AWS Database Blog

Schedule jobs in Amazon RDS for PostgreSQL using AWS CodeBuild and Amazon EventBridge

When you want to migrate on-premises database workloads with jobs to AWS, you need to select the right AWS services to schedule the jobs. Database administrators traditionally schedule scripts to run against databases using the system cron on the host where the database is running. When you migrate such workloads from on premises to a managed database service like Amazon Relational Database Service (Amazon RDS), you lose the ability to log in to the host instance to schedule cron jobs.

Newer releases of Amazon RDS for PostgreSQL starting with version 12.5 enable you to schedule PostgreSQL commands within your database. However, if you need to orchestrate the Amazon RDS jobs and integrate with native AWS services such as Amazon Simple Notification Service (Amazon SNS) to send notifications, this post provides an alternate way to schedule and run Amazon RDS jobs using AWS CodeBuild and Amazon EventBridge rules.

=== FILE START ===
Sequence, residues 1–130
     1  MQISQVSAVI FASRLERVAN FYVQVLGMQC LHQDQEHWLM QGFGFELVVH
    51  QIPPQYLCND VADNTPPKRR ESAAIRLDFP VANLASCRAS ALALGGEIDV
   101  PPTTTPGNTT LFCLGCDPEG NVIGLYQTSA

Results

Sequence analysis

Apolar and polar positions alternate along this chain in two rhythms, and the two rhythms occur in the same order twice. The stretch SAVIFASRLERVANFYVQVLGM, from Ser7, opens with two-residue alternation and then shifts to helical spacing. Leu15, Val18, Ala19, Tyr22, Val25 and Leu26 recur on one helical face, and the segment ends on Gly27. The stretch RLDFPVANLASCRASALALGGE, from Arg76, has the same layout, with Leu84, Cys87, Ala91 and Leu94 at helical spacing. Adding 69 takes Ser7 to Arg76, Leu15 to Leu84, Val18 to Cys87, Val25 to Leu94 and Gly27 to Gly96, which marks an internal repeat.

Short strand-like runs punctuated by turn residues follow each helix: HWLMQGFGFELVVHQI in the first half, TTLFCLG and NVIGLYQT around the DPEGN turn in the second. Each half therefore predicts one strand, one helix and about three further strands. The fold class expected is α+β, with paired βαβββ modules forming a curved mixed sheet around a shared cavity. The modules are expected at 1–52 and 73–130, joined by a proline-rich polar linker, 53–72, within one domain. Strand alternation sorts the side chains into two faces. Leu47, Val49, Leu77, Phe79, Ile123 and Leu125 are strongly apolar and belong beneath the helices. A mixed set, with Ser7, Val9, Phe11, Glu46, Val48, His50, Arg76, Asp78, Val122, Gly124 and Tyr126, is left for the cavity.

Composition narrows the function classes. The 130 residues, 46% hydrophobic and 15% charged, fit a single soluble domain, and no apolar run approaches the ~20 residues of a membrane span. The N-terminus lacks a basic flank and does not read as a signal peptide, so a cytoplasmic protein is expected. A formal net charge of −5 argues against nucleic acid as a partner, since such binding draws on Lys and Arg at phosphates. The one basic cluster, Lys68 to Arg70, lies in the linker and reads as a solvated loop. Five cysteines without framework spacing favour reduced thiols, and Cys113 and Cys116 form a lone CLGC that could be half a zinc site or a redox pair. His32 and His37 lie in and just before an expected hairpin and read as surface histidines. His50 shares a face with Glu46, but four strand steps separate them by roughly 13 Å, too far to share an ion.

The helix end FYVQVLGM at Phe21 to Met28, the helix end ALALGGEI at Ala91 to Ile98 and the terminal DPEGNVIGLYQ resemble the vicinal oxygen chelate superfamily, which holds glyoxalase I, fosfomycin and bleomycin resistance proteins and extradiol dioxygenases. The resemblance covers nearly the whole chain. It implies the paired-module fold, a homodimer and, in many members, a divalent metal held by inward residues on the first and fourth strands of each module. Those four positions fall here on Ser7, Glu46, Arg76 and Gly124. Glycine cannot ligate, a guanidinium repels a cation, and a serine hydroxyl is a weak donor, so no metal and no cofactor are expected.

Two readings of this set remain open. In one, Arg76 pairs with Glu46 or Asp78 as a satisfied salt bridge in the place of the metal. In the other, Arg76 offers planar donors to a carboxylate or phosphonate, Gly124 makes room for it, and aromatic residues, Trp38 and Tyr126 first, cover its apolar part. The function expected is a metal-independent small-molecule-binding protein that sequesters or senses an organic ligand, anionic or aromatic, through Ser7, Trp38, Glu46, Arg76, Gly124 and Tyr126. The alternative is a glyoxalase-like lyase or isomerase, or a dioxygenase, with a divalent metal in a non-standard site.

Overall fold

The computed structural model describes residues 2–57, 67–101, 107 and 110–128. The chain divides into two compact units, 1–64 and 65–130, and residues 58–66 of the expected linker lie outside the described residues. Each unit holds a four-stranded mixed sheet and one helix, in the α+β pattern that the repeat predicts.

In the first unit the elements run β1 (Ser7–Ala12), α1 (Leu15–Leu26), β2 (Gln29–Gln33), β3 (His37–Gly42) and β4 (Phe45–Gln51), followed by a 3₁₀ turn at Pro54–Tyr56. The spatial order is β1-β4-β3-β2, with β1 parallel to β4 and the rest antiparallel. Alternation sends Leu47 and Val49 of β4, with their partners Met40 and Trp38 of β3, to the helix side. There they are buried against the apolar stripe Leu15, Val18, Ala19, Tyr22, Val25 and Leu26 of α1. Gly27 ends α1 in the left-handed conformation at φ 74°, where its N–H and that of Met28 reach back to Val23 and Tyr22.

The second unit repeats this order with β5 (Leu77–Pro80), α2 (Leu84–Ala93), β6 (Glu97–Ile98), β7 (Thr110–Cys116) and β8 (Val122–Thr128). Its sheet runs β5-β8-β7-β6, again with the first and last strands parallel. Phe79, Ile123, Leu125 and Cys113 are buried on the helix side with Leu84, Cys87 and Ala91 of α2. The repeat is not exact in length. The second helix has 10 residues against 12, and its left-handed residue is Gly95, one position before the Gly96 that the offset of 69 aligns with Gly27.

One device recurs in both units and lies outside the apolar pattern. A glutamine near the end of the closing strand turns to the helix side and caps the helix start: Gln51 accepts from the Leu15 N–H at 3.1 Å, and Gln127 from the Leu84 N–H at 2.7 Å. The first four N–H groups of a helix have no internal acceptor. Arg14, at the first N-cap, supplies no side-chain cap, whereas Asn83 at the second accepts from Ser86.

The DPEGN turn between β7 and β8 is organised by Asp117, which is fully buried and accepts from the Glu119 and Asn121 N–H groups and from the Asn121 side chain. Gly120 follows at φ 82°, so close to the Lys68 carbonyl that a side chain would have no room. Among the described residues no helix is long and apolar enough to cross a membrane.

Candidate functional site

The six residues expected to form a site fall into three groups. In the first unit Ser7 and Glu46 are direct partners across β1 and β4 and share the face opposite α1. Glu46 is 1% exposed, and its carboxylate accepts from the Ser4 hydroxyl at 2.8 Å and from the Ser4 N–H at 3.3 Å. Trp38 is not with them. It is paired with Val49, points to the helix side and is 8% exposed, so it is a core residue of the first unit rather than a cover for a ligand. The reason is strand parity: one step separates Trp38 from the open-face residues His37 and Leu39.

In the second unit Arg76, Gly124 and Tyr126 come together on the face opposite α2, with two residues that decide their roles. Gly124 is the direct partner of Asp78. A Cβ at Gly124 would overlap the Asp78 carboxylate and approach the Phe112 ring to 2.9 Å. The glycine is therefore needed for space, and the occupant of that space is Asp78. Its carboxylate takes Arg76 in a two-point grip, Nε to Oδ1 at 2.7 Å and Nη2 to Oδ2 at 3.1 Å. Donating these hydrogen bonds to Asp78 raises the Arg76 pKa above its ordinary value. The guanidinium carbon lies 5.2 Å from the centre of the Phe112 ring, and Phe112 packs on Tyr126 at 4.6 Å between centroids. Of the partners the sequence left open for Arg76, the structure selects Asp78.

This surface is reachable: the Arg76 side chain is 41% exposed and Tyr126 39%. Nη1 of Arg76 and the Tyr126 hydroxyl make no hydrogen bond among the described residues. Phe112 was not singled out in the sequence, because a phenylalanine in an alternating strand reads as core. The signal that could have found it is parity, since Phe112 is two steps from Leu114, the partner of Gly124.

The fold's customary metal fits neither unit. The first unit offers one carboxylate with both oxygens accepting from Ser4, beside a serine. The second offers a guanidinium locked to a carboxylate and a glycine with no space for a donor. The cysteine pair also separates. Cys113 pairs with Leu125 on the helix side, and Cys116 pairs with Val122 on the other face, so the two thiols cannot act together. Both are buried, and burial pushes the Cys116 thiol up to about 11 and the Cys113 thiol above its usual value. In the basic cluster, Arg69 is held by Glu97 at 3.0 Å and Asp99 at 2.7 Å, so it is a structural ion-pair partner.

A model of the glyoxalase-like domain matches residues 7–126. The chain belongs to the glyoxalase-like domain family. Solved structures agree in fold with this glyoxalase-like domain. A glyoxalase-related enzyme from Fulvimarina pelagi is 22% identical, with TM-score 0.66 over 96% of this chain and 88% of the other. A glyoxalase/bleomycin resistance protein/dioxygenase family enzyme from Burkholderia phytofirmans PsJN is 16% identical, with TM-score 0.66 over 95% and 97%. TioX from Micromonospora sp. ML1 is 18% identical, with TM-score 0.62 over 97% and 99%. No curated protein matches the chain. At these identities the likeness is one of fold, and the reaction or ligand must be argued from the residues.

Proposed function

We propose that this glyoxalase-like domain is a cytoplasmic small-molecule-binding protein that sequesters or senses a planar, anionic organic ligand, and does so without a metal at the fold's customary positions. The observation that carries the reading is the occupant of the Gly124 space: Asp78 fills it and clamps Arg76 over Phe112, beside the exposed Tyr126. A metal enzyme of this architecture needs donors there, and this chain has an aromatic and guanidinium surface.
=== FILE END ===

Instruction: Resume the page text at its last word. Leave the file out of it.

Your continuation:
Why AWS CodeBuild?

An Amazon RDS job can run stored procedures and functions, extract the data, purge the data, or do any other SQL operations. You can run these jobs with different AWS services, such as AWS Lambda, AWS Batch, Amazon Elastic Container Service (Amazon ECS), and AWS Step Functions. As your data grows, jobs might take more than 15 minutes to run. CodeBuild can natively handle workloads that run for a longer time, in comparison to services like Lambda, which are designed to finish within 15 minutes.

If you want to use AWS Batch or Amazon ECS, you need to package your code as a Docker container. CodeBuild is a good option when your job takes more than 15 minutes or you can’t (or don’t want to) package your code as a Docker container, or you want to use different programming language runtimes for your jobs.